They claim that the monkeys cannot detect what they have done and their genes are in short supply.
The researchers believe that the primate brains are in a world of uncertainty as to what they have actually done and whether any special human can ever have control over and alter their behavior, something that has recently become a core of their work. The paper, of course, is by a company called Brain Lab Research and Development.
What the authors of the paper write:
To determine if primate brains have been programmed to detect new signals or a change in their genetic codes, we examined the brain samples obtained by our sonar scanner (at Chinese institute “brain lab”) for three primate brains belonging to species B. rex, P. reticulatus, and B. montanthus. The primates were exposed to a range of light, sound, sound, and radio frequencies to determine the presence of a novel neural signal. In the middle of the experiment, the primate brains were placed flat on a flat surface. The subjects’ auditory perception was made on a two piece board connected to the boards on which light- and sound-based signals were placed. The same board is attached to the ceiling. Each of the primate brains was placed at the right place, while the subjects were placed at the middle of the board. In all three experiments, the researchers found that when a stimulus was found to contain a novel signal, these primates responded with a stronger response, even though they failed to detect that new signal. These data further show that these primates do not, as previously thought, possess a brain with the ability to distinguish sound and light signals, although we have since discovered that these primate brains are in short supply.
At a press conference yesterday, Dr. Li, the head of neuroscience at the Shanghai Biomedical Research Institute said the study was not a political experiment. He suggested that the researchers are trying “to prevent the brain of animals from being implanted in this way, at least with respect to neuroplasticity in neurons and in the brain and the control of communication through brain receptors, thereby affecting cognition and behavioral functions.” However, Dr. Li told Nature on Tuesday that his research will proceed only if this research is done commercially.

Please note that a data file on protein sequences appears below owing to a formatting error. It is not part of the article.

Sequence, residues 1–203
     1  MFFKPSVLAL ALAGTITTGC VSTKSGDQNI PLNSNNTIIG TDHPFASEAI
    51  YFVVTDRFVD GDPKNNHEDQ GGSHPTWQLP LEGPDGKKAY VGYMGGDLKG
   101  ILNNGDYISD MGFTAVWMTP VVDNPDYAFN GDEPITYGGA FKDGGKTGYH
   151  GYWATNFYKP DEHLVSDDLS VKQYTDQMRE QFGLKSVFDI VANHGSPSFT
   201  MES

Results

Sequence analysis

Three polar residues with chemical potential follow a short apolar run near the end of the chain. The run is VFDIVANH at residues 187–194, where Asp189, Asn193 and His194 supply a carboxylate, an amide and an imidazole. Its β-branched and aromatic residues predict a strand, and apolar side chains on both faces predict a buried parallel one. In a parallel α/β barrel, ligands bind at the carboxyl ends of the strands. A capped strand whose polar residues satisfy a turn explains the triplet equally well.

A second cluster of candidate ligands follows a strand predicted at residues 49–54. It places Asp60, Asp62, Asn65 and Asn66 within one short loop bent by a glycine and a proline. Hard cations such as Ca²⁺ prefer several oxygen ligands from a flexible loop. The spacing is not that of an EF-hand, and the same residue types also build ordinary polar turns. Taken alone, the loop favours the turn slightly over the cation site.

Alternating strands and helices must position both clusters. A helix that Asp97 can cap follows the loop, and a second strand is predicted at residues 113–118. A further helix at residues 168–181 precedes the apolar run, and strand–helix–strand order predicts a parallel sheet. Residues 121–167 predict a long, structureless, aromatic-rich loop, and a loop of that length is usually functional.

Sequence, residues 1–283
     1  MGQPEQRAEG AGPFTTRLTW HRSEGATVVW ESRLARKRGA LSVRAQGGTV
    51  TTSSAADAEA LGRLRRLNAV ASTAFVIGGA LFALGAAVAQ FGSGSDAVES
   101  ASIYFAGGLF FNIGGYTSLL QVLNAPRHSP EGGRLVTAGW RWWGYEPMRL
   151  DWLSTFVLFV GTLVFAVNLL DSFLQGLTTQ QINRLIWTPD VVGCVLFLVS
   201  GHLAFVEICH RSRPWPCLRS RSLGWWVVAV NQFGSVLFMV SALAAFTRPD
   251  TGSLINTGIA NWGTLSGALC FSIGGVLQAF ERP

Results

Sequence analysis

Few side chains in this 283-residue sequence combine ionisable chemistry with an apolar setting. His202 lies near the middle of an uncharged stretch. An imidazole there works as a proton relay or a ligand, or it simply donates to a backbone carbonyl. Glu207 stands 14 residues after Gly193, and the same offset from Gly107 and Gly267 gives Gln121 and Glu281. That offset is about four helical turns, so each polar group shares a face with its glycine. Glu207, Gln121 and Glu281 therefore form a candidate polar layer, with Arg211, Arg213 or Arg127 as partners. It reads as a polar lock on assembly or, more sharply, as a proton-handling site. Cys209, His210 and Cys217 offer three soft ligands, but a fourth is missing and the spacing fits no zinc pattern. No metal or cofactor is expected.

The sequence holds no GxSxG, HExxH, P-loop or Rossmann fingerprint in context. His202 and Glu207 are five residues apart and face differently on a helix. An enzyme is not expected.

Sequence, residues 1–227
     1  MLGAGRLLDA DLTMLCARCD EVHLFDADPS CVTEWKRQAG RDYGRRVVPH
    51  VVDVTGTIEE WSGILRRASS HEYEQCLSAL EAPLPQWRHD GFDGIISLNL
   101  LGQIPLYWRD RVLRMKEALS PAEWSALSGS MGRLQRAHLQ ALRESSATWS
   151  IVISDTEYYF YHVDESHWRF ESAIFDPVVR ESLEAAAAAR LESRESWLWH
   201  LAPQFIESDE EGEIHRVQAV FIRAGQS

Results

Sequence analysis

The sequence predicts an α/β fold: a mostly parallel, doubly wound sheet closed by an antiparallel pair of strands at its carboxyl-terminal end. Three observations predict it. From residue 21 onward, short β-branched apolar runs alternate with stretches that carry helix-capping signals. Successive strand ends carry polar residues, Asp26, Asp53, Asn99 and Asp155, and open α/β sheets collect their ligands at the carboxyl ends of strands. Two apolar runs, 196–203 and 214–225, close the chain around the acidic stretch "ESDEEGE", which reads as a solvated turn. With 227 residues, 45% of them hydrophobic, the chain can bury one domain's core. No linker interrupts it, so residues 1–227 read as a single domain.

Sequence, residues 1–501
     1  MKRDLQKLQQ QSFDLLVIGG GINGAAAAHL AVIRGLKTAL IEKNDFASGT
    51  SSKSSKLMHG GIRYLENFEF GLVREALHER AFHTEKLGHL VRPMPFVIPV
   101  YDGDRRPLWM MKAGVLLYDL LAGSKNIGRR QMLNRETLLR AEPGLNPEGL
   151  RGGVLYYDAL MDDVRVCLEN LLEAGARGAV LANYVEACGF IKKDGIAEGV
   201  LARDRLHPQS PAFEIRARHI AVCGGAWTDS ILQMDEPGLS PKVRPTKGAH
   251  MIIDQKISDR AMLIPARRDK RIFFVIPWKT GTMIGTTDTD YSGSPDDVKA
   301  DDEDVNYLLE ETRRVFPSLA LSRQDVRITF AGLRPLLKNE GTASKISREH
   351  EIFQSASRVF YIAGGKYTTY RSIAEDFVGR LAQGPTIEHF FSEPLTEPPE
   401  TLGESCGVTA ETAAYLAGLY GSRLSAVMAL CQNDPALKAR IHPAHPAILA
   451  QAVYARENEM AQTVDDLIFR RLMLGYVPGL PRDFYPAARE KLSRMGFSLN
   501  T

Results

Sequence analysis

As it turns out, the research goes into further analysis because of the small amount of data, which do not add much to the scientific evidence, to conclude a positive result from finding all 3 genes found in their brains.
“It’s an absolutely stunning conclusion from the fact that the genome sequences that we used to study the human brain for the first time in 2010, all within the last 10 years, show no change whatsoever,” he said, according to the Times. One would have to believe, if all three genes are found on the primate chromosomes, this would cause no problems in finding out how many are connected, by comparing the genomes, that no one has found.
The paper concludes:
In the next twenty years, we’ll have an absolute consensus that genetic information is completely normal. If we can all be perfectly normal, we can work in cooperation. We should be proud of our colleagues and those dedicated to finding this elusive truth. However, when you think about the scientific record, the one that we have been able to test here for over an hour, the only thing that we can say for sure with confidence is that our results aren’t completely false.
You can read the full paper and interview with the team, here